Abhay Bhutada - NBFCs Making MSME Lending Barrier a Thing of the Past

NBFCs Making MSME Lending Barrier a Thing of the Past

By Abhay Bhutada, Managing Director, Poonawalla Fincorp

For years, commercial banks have dominated the lending space, including lending to Micro, Medium and Small Enterprises (MSMEs). But times have changed and so have the needs and demands of a modern-day MSME. These emerging businesses don’t fit into the moulds of traditional lending, they need quick loan disbursals, easy and flexible repayment facilities, and non-collateralised loans.

While the requirements have changed, the lending space is yet to match its pace. The Indian lending industry is still challenged with a lack of access to adequate finance, high levels of scrutiny by traditional lenders, lack of collateral, etc., which have created a huge lending gap for MSMEs.

According to a report, out of over 64 million MSMEs in India, only 14 per cent have access to credit. The report also stated the current credit gap to be an astounding $530 billion in the MSME sector, which is alarming given the major contribution MSMEs have in the country’s GDP and economic growth.

Non-Banking Financial Companies (NBFCs) are emerging as an important player in bridging the credit gap for MSMEs with their unique offerings and technology-based products.

Here’s how NBFCs are making a difference in the MSME sector:

Strengths of NBFCs over traditional lending institutions

While the banking industry is present across the country, their traditional lending practices limit their ability to serve the last-mile population. Banks require collateral and a proven credit history, which excludes many MSMEs. NBFCs play a crucial role here by specialising in lending and providing last-mile financial services. Due to a wider regulatory framework, NBFCs can operate in a broader range of activities and innovations than banks. They have greater risk-taking ability, reaching consumer categories that banks often underserved. Despite having more resources, banks cannot offer the same range of services as NBFCs due to regulatory limitations. As a result, NBFCs have become financial service providers for last-mile customers by offering specialised services with a better understanding of their needs.


How NBFCs bridge the lending gap for MSMEs

Specialised NBFCs employ strategic thinking to cater to the demands of their segmented customer base through tailor-made products, efficient distribution channels, and risk evaluation procedures. They offer product packages that include non-financial services to promote customer loyalty and retention, increase asset size, and expand their portfolio. Using machine learning and data analytics, they personalise their product offerings including business loans, quick loans, and supply chain financing. NBFCs digitise their lending cycles and use innovative credit evaluation systems to improve credit flow to priority sectors at competitive rates.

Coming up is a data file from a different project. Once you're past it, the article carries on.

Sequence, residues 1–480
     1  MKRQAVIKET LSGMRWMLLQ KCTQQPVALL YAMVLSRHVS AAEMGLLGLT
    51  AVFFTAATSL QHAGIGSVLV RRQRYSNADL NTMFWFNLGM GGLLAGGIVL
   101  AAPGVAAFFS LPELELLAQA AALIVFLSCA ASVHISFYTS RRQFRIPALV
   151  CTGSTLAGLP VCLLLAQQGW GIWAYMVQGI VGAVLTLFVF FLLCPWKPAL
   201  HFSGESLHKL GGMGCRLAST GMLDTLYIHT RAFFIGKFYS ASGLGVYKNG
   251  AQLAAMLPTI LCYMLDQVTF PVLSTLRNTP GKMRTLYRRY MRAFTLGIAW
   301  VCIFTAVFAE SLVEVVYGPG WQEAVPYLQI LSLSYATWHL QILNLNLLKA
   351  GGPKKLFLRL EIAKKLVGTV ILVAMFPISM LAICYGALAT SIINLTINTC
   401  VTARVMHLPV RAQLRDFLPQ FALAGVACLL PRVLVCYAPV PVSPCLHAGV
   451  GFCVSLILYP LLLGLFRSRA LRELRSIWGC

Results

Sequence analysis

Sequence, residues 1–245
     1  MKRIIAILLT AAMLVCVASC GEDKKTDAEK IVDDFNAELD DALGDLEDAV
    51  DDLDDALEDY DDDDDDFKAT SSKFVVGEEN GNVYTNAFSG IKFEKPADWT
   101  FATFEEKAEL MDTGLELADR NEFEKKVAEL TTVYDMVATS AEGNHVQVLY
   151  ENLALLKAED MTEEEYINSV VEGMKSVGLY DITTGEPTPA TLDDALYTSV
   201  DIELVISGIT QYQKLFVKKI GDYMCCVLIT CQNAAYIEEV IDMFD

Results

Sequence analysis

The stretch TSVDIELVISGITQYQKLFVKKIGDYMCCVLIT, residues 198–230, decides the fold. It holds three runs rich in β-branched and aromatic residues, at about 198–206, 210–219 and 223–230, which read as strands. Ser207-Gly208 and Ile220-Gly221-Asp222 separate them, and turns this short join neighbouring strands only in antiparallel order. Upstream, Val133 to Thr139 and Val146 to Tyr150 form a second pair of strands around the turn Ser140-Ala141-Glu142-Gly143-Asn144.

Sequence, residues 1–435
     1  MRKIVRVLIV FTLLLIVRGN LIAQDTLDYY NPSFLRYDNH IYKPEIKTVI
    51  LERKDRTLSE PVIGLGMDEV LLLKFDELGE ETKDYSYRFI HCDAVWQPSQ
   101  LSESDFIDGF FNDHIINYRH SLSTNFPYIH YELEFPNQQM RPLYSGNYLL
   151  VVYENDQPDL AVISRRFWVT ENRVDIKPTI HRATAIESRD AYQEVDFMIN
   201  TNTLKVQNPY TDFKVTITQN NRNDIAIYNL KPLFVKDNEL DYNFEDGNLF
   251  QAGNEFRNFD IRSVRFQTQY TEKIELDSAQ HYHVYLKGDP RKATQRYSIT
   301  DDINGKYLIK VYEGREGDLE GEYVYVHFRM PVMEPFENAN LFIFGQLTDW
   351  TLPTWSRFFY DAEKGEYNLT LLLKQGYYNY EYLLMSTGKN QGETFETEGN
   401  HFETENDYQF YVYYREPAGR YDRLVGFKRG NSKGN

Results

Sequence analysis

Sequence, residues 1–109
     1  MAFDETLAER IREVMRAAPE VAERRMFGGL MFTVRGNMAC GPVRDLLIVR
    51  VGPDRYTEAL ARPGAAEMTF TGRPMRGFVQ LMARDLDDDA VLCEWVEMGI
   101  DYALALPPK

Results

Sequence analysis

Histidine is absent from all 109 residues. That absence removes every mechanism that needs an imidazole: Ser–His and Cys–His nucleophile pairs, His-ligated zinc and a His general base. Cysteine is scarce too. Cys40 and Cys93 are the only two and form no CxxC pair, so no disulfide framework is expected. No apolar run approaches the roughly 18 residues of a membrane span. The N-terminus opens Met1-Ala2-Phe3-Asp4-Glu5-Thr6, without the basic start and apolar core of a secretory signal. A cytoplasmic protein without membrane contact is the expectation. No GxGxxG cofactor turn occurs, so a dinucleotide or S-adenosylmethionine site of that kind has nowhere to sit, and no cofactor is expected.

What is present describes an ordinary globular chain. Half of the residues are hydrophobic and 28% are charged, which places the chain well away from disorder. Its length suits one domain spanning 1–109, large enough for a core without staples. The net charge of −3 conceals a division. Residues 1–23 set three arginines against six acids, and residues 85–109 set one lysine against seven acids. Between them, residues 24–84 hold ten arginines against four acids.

The advent of new co-lending models combining traditional banks with NBFCs are also providing loans to MSMEs based on priority sectors at affordable cost. This has boosted the flow of credit to unserved and underserved industries by benefiting from NBFCs’ versatile business models and lower cost of funding from banks. Additionally, NBFCs are better positioned to leverage the large digital footprint of the Indian population with their dynamic underwriting models. This has allowed NBFCs to offer their services with digital technologies like e-signature, eKYC/ Aadhaar-based verification, etc.


NBFCs and digital SME lending

Digital NBFCs are leveraging technology to make credit more accessible to underserved customers in India. They leverage alternate data sets and innovative credit underwriting approaches to offer customised products with faster turnaround times, making them a more suitable option for MSME borrowers.

Ecosystem-based lending is another way digital lenders are bridging the MSME credit gap. By partnering with digital platforms like Amazon and Google Pay, they can leverage available information about MSMEs and offer customised lending. Although there is room for innovation, these digital NBFCs are playing an essential role in extending credit to the underserved and unbanked populations of India.

In order to bridge the credit gap in the MSME sector, we need a dynamic multi-channel approach, complete with digital backing and vernacular access. While the NBFCs are leveraging their large network of specialists, branches and executives to make last-mile borrowing more accessible, more attention is needed to close the credit gap. Going forward, NBFCs need to further expand their footprint, identify more gaps in lending, curate better products and continue to refine their technology to ensure the best lending experience for the MSME sector.